Witnessing History: A Cavalryman's View of the Clash of Ironclads

 The Battle of Hampton Roads, Virginia fought March 8-9, 1862 was the most important naval battle fought during the Civil War, not because of the tactical or strategic question decided by the clash, but because of the revolution in naval technology that the clash of ironclads represented. The debut performances of the Monitor and Merrimac demonstrated that the future of naval construction lay in iron and steel; wooden-hulled vessels which had dominated naval construction for centuries were on the way out. 

Among the witnesses of this historic naval engagement was an Ohioan serving in Co. M of the 11th Pennsylvania Cavalry. The company, whose motto was “We Know Our Rights and Knowing, Dare Maintain Them,” was raised in southeastern Ohio in August 1861 and mustered into service as an independent cavalry company. The company joined Harlan’s Light Cavalry (11th Pennsylvania Cavalry) in October 1861, a regiment which had companies from four other states besides Pennsylvania [New York, New Jersey, Iowa, and Ohio]. In March 1862, the company along with Co. C was ordered to Newport News, Virginia where it was assigned to duty with General Joseph K.F. Mansfield.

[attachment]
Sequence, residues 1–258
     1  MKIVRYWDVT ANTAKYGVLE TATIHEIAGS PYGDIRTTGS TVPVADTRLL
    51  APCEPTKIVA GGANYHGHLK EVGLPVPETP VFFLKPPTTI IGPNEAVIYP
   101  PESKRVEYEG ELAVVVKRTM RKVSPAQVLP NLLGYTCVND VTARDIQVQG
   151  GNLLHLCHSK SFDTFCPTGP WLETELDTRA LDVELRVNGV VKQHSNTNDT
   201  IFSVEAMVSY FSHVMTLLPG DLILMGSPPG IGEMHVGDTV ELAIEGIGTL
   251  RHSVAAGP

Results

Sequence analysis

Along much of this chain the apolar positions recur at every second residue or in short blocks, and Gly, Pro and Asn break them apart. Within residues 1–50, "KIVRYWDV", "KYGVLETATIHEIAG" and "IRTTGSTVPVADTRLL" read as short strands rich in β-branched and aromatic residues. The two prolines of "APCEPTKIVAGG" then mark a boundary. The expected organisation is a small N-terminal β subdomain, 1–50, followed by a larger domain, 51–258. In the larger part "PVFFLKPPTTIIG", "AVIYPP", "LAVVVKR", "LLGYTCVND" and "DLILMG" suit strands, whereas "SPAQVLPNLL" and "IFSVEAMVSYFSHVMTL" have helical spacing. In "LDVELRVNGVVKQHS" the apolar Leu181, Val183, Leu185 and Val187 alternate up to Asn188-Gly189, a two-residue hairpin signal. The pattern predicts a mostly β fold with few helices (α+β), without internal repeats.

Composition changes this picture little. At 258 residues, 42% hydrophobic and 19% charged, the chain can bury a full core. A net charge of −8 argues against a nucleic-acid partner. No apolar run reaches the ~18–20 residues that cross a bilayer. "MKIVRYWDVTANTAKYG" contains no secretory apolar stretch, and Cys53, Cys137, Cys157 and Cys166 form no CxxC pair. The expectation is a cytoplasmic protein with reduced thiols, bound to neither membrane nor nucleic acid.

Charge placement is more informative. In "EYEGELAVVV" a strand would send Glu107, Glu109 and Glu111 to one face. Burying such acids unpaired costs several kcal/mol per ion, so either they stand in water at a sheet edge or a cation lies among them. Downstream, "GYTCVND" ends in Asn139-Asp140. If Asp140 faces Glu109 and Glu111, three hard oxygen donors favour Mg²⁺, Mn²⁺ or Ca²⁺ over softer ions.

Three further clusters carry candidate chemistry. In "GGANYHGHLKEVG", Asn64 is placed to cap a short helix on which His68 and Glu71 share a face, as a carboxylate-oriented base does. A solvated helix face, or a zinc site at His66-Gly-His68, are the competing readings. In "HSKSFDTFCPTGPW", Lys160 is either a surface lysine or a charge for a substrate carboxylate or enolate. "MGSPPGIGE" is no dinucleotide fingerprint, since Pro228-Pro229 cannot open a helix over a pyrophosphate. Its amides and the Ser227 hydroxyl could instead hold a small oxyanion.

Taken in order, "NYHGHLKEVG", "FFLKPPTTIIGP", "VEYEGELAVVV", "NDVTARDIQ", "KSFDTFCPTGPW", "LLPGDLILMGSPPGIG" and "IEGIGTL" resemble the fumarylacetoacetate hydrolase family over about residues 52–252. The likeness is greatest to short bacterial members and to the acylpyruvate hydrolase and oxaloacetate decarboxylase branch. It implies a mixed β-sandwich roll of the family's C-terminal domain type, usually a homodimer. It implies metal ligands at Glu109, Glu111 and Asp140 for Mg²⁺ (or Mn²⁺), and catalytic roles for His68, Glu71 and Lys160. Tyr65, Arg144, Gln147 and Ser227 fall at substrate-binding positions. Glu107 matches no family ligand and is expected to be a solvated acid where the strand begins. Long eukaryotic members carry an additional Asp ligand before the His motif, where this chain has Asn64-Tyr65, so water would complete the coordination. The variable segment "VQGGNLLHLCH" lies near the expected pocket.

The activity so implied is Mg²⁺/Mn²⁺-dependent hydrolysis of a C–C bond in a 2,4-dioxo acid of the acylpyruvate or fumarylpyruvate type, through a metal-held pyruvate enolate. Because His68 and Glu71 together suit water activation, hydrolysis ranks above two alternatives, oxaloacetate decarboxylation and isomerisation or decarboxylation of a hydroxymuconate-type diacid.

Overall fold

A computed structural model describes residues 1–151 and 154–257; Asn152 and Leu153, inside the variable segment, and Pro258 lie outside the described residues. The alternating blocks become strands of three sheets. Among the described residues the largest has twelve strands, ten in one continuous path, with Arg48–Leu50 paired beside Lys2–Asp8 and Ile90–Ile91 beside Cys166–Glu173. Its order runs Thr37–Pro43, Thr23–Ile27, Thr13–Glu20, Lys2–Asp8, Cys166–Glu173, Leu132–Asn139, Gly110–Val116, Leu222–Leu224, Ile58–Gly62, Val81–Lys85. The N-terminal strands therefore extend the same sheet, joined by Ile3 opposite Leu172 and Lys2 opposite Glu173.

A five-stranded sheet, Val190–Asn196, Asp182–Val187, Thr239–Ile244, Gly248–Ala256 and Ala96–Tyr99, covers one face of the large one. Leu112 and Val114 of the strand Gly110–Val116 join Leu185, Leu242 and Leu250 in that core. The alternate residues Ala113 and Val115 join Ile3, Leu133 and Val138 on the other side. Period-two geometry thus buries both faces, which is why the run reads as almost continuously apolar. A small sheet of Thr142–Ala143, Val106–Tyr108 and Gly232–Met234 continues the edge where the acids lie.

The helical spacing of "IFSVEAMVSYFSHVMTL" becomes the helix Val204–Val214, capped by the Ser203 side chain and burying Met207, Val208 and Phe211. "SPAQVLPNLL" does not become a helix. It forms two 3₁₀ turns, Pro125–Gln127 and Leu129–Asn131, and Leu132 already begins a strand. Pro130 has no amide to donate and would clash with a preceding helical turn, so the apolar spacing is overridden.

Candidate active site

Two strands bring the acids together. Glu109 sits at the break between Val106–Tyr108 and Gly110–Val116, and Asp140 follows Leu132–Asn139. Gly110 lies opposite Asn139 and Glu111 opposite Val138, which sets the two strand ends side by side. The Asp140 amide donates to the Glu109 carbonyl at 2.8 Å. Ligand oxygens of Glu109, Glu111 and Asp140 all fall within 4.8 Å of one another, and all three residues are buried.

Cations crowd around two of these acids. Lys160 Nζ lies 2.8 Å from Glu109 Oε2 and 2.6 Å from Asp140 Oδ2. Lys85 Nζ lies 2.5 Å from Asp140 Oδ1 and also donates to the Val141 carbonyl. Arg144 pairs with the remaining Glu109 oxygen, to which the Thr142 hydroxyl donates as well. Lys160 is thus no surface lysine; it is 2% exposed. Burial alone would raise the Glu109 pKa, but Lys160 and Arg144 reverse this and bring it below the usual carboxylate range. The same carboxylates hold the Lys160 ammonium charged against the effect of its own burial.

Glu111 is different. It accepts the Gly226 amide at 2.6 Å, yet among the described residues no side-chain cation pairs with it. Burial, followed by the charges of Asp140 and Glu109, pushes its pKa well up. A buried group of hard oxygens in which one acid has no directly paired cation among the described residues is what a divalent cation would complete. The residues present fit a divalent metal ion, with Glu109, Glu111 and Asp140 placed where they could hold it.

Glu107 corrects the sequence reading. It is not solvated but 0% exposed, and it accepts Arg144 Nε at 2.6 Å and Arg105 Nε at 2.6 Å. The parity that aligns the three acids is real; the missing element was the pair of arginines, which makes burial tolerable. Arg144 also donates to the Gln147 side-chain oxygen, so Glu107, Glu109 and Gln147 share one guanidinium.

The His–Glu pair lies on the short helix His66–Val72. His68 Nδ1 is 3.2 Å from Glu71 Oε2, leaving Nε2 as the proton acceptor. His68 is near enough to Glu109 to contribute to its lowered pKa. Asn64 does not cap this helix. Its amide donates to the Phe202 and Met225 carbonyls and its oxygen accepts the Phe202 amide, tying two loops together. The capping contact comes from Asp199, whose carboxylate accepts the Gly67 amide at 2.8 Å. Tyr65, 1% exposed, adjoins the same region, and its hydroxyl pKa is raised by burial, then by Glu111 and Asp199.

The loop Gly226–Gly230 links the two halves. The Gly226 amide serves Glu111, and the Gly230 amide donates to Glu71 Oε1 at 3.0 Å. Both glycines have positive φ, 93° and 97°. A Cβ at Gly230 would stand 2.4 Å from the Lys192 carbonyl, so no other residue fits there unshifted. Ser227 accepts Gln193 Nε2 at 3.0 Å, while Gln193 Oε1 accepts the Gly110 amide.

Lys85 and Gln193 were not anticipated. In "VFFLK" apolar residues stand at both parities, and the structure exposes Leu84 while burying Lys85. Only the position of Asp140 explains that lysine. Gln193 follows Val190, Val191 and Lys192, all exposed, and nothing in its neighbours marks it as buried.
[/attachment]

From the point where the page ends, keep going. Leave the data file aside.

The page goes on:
The author of the following account of the Battle of Hampton Roads is unknown; his letter was published under the name “Newport” and saw publication in the March 28, 1862 issue of the Pomeroy Weekly Telegraph from Meigs Co., Ohio. “Newport” provides a wonderful eyewitness view of the destruction wrought by the Virginia on March 8, 1862 and the explosion of the Congress the following morning.



Camp Butler, Newport News, Virginia

March 15, 1862

          Without attempting to give you a minute account of the great naval battles of the 8th and 9th ultimo which had doubtless been done already by far abler pens than I mine, but I propose to relate what a Meigs County boy saw and heard.

          Last Saturday afternoon, it was rumored at Camp Hamilton that Sewell’s Point was to be bombarded- the roofs of our stables were soon covered with those wishing to see the fight. When I first looked toward the place of conflict, two large war vessels were going in the direction of Sewell’s Point. Strange to me, however, instead of anchoring in front of the Rebel batteries, they merely gave a passing shot and proceeded in the direction of Newport News, which according to the news soon circulated in camp,      was attacked by the Rebel ironclad steamer Merrimac. Casting my eyes in that direction, I saw large volumes of smoke rising from about the mouth of the James River.